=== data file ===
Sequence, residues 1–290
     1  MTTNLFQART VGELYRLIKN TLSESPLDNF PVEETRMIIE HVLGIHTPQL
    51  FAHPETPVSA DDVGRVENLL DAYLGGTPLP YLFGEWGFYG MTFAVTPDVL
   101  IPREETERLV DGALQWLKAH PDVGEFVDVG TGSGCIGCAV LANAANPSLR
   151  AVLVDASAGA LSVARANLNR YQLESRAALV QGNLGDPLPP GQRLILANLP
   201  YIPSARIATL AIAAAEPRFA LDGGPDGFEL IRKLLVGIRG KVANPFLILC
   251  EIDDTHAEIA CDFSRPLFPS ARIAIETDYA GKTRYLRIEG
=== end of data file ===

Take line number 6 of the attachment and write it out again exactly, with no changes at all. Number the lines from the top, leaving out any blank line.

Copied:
   201  YIPSARIATL AIAAAEPRFA LDGGPDGFEL IRKLLVGIRG KVANPFLILC